If America only thrived on building these corporations, it would need hands (i.e. labour) and these hands could only come out of a system of hierarchy. This hierarchy was constructed through race. Thus, the construct of race became vital in the economy of goods and services. These two ideas functioned together, and still function together in the larger picture of America. In Moby-Dick, Ahab affirmed this practice through the golden token and his crew. Because the crew was “chiefly made up of mongrel renegades, and castaways, and cannibals” (Melville, 203), they were already considered inferiors in the space that they were operating in – giving Ahab the access to manipulate their emotions through monetary means: the gold coin. Ahab’s gold coin, and his thrill of the chase served as the political and emotional manipulation carried out by states for hiring black men as labourers and as soldiers so they could be used as hands and cannon fodder. Race as an identity and the race to succeed were at play with each other and benefited the American system, both economically and structurally.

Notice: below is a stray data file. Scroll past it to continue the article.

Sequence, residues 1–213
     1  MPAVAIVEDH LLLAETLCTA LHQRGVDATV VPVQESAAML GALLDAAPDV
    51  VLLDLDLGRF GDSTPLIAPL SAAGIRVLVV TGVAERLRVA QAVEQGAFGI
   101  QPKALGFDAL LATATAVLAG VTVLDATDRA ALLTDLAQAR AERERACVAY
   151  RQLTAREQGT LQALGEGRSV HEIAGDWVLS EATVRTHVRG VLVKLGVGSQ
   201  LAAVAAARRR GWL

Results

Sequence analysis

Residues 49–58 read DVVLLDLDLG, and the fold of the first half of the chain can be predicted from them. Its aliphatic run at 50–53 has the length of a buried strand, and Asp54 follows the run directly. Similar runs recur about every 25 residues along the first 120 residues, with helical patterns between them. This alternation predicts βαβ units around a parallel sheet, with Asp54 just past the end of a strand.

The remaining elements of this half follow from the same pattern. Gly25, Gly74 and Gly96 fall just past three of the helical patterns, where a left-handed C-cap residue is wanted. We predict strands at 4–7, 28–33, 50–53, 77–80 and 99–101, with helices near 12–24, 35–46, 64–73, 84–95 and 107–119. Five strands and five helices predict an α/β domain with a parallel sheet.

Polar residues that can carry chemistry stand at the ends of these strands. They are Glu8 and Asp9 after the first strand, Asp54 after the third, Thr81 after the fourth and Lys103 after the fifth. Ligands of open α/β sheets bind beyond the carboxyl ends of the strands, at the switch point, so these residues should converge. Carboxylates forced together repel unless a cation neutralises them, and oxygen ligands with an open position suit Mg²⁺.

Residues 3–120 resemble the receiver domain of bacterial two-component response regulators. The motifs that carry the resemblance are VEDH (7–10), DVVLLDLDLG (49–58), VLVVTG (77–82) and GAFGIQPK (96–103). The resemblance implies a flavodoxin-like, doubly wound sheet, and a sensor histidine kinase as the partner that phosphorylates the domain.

Thus, among other things, Melville intended to show how race functioned on the Pequod, and how Ishmael dealt with it. He wanted to show Ishmael’s relationship with race so we could “see how elastic our stiff prejudices grow when love once comes to bend them” (Melville, 60) and he wanted us to see Ahab’s demise so we could learn how monomaniac endeavors perused through societal hierarchies result in one’s own demise. The narrative also makes one realise the ongoing exceptionalism: slavery, that forgave politicians for new sins. Melville’s Moby-Dick calls for many things, among which it also intends to talk about how powerful the system of race (whether colour or rivalry) is and how its practice through manipulation and obsession can damage a whole community.